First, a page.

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Can smoking or vaping put you at greater risk during COVID-19? While this is a new disease and much research remains to be done, experts believe that smokers may be more vulnerable to the most dangerous impacts of COVID-19.
The National Institute on Drug Abuse cites smoking as a contributing factor in developing severe symptoms:
“Because it attacks the lungs, the coronavirus that causes COVID-19 could be an especially serious threat to those who smoke tobacco or marijuana or who vape.”
One reason for the increased risk is that smoking and vaping both cause damage to the lungs, leaving the tissue more susceptible to infection. What’s more, smoking attacks the very systems that fight respiratory viruses.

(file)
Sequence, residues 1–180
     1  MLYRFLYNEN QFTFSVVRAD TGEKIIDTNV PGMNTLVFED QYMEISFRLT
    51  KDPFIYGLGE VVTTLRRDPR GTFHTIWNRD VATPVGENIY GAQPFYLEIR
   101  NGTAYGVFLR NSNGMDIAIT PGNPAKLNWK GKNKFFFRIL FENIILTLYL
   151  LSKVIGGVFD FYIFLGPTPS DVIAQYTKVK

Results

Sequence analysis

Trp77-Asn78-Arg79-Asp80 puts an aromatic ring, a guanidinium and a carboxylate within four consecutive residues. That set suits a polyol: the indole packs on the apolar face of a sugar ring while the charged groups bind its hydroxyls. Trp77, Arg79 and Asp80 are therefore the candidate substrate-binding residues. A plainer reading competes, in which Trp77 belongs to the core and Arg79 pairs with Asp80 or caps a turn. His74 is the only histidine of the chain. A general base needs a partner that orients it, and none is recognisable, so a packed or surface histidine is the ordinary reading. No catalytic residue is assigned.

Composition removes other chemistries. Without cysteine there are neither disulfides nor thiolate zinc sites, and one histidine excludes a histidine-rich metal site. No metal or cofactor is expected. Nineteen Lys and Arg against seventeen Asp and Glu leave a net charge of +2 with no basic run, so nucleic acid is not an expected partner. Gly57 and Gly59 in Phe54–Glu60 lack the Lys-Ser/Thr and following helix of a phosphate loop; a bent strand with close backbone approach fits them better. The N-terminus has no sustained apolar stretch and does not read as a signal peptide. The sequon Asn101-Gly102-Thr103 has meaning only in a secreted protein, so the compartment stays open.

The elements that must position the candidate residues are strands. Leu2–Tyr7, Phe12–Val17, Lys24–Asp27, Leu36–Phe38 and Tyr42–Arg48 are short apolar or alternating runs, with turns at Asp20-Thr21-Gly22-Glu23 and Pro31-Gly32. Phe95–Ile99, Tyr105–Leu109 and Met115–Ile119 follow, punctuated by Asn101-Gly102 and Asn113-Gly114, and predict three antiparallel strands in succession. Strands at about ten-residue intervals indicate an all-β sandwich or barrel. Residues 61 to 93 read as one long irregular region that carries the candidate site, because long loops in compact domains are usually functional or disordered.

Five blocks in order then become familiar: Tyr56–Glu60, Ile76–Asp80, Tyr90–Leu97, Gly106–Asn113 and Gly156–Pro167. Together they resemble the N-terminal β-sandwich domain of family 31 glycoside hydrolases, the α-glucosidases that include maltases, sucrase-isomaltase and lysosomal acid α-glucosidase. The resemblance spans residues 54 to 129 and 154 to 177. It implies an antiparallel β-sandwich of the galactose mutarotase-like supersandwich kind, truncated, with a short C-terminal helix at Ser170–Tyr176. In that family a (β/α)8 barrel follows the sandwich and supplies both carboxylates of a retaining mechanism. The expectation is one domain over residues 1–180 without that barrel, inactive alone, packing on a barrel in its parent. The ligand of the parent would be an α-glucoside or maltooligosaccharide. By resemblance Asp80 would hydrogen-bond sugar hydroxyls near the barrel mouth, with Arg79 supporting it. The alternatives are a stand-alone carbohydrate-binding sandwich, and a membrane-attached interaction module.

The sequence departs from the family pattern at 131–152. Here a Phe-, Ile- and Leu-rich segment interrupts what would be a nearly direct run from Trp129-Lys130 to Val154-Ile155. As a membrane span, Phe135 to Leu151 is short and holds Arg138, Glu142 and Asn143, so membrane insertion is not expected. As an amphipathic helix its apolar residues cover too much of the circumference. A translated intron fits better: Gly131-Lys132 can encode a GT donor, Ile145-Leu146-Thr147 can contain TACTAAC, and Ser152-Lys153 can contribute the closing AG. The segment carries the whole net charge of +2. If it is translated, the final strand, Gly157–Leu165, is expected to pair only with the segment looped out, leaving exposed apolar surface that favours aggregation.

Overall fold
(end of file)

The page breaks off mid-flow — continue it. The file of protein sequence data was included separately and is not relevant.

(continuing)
“Tobacco use has been proven to harm the immune system and airway lining cells that contain cilia on their surface, which are our essential defenders against viruses like COVID-19,” according to the American Lung Association’s Chief Medical Officer Albert Rizzo, M.D
Yet another concern for those who smoke or vape is the simple fact that it requires people to bring their hands to their faces. The World Health Organization’s website notes that “the act of smoking means that fingers (and possibly contaminated cigarettes) are in contact with lips which increases the possibility of transmission of virus from hand to mouth.” Worse still are smoking products, such as water pipes, which include shared mouthpieces.
Cutting back, while certainly helpful, won’t necessarily eliminate your risk. In fact, if you live with someone who smokes, that can also make you more vulnerable.
“Even an occasional cigarette or secondhand smoke has been linked to increased risks from acute respiratory distress syndrome,” said thoracic surgeon Dr. Matthew Steliga in a recent US News & World Report article highlighting the connection between smoking and vaping and COVID-19.